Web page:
1936 World Series

The 1936 World Series matched the New York Yankees against the New York Giants, with the Yankees winning in six games to earn their fifth championship.

The Yankees played their first World Series without Babe Ruth and their first with Joe DiMaggio, Ruth having been released by the Yankees after the 1934 season. He retired in 1935 as a member of the Boston Braves.

1936 World Series
Team (Wins) Manager(s) Season
New York Yankees (4) Joe McCarthy 102–51, .667, GA: ​19 12
New York Giants (2) Bill Terry (player/manager) 92–62, .597, GA: 5
DatesSeptember 30 – October 6
UmpiresCy Pfirman (NL), Harry Geisel (AL), George Magerkurth (NL), Bill Summers (AL)
Hall of FamersYankees: Joe McCarthy (mgr.), Bill Dickey, Joe DiMaggio, Lou Gehrig, Lefty Gomez, Tony Lazzeri, Red Ruffing.
Giants: Carl Hubbell, Travis Jackson, Mel Ott, Bill Terry.
Broadcast
RadioNBC, CBS, Mutual
Radio announcersNBC: Tom Manning, Ty Tyson, Red Barber, Warren Brown
CBS: France Laux, Boake Carter, Bill Dyer
Mutual: Bob Elson, Gabriel Heatter, Tony Wakeman
World Series Program
1936wsprogram
World Series

Summary

AL New York Yankees (4) vs. NL New York Giants (2)

Game Date Score Location Time Attendance 
1 September 30 New York Yankees – 1, New York Giants – 6 Polo Grounds 2:40 39,419[1] 
2 October 2 New York Yankees – 18, New York Giants – 4 Polo Grounds 2:49 43,543[2] 
3 October 3 New York Giants – 1, New York Yankees – 2 Yankee Stadium 2:01 64,842[3] 
4 October 4 New York Giants – 2, New York Yankees – 5 Yankee Stadium 2:12 66,669[4] 
5 October 5 New York Giants – 5, New York Yankees – 4 (10 innings) Yankee Stadium 2:45 50,024[5] 
6 October 6 New York Yankees – 13, New York Giants – 5 Polo Grounds 2:50 38,427[6]

: postponed from October 1 due to rain

Matchups

Game 1

Wednesday, September 30, 1936 1:30 pm (ET) at Polo Grounds in Manhattan, New York
Team 1 2 3 4 5 6 7 8 9 R H E
New York (AL) 0 0 1 0 0 0 0 0 0 1 7 2
New York (NL) 0 0 0 0 1 1 0 4 X 6 9 1
WP: Carl Hubbell (1–0)   LP: Red Ruffing (0–1)
Home runs:
NYY: George Selkirk (1)
NYG: Dick Bartell (1)

Carl Hubbell won Game 1, allowing only one run on George Selkirk's home run and seven hits. After Dick Bartell's fifth inning home run off Red Ruffing tied the game, An RBI single by Gus Mancuso scoring Mel Ott, who doubled to lead off, in the sixth inning put the Giants up 2–1. They padded their lead in the eighth. Two singles and a walk loaded the bases before a walk to Burgess Whitehead and sacrifice fly by Travis Jackson scored a run each. Hubbell's two-run single capped the game's scoring. He pitched a perfect ninth as the Giants took a 1–0 series lead.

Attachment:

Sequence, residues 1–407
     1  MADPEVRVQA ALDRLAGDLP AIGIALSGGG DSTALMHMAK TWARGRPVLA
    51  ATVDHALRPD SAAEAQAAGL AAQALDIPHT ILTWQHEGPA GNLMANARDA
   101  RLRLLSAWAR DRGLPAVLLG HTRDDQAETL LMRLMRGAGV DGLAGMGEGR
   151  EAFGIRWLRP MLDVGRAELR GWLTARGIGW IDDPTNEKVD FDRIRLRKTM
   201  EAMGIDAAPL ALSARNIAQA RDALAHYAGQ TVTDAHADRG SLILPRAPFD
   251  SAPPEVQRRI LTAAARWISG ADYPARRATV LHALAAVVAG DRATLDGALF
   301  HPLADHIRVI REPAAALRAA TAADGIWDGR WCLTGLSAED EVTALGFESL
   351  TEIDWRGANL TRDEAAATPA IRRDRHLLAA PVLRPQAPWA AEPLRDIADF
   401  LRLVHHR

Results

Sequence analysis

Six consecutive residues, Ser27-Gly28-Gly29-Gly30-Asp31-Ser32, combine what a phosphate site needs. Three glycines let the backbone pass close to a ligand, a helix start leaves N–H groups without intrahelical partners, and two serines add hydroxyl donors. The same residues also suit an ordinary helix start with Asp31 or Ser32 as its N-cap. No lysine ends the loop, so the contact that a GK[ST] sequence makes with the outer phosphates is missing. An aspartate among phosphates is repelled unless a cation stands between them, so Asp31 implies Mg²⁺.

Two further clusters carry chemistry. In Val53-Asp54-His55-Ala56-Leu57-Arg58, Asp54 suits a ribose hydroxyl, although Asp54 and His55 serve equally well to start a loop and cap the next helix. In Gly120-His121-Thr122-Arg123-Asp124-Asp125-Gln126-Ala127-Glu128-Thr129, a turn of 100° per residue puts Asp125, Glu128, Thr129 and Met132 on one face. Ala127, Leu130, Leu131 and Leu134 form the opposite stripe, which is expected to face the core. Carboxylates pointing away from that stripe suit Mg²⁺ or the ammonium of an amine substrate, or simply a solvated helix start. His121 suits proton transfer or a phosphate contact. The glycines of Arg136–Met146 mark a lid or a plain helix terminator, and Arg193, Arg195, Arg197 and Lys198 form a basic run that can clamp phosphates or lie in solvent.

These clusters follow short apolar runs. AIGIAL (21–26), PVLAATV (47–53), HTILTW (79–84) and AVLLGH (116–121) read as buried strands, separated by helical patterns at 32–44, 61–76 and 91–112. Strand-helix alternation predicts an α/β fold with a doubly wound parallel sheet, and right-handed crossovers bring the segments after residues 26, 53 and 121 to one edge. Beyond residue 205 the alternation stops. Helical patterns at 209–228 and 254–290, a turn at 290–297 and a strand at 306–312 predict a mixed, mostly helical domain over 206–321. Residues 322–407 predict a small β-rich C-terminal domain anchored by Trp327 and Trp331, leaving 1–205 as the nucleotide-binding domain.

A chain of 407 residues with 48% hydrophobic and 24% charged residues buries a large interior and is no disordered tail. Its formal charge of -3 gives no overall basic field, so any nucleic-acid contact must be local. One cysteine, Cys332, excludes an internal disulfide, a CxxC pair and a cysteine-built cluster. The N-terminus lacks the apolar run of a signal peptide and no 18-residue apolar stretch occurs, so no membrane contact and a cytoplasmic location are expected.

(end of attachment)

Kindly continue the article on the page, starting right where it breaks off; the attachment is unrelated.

Game 2

Friday, October 2, 1936 1:30 pm (ET) at Polo Grounds in Manhattan, New York
Team 1 2 3 4 5 6 7 8 9 R H E
New York (AL) 2 0 7 0 0 1 2 0 6 18 17 0
New York (NL) 0 1 0 3 0 0 0 0 0 4 6 1
WP: Lefty Gomez (1–0)   LP: Hal Schumacher (0–1)
Home runs:
NYY: Tony Lazzeri (1), Bill Dickey (1)
NYG: None

The Yankees won Game 2 at the Polo Grounds by an 18–4 count, setting Series records (as of 2018) for the biggest margin of victory in a World Series game (14 runs) and the most runs scored in one game with 18. They loaded the bases with no outs in the first off Hal Schumacher on two singles and a walk before sacrifice flies by Lou Gehrig and Bill Dickey put them up 2–0. Two walks and a wild pitch by Lefty Gomez in the second allowed the Giants to cut the lead to 2–1, but the Yankees blew the game open in the third. A single, walk and error loaded the bases with no outs. Al Smith relieved Schumacher and allowed a two-run single to Gehrig and RBI single to Dickey. A one-out walk reloaded the bases before Tony Lazzeri's grand slam off Dick Coffman made it 9–1 Yankees. The Giants scored their last three runs in the fourth on a bases loaded walk to Dick Bartell followed by a two-run single by Bill Terry. The Yankees added a run in the sixth on Joe DiMaggio's sacrifice fly with two on off Frank Gabler, then loaded the bases in the seventh on a walk and two singles before Lazzeri's flyout and Gomez's groundout scored a run each. In the ninth, Jake Powell drew a leadoff walk off Harry Gumbert, stole second, moved to third on a groundout, and scored on Gomez's single. After another single, back-to-back RBI singles by Red Rolfe and DiMaggio made it 15–4 Yankees. One out later, Dickey's three-run home run capped the scoring.

DiMaggio made a tremendous play in Game 2. With two outs in the bottom of the ninth inning, Hank Leiber drove the ball 490 feet (150 m) deep into dead center, and Joe caught the ball running up the steps of the clubhouse.[7] This remarkable catch was at least 40 feet (12 m) further than Willie Mays' far more celebrated catch of Vic Wertz's drive to deep straightaway center in Game 1 of the 1954 World Series. After DiMaggio's game-ending grab, President Roosevelt, who was in attendance, saluted Joe for his great catch as he rode off in the presidential limousine.[8] All three ninth-inning outs were made by DiMaggio.

Yankee second baseman Tony Lazzeri became only the second player ever to hit a grand slam home run in the World Series. Elmer Smith of the Cleveland Indians had been the sole achiever of that feat in World Series play, doing so in Game 5 of the 1920 World Series.

Game 3

Saturday, October 3, 1936 1:30 pm (ET) at Yankee Stadium in Bronx, New York
Team 1 2 3 4 5 6 7 8 9 R H E
New York (NL) 0 0 0 0 1 0 0 0 0 1 11 0
New York (AL) 0 1 0 0 0 0 0 1 X 2 4 0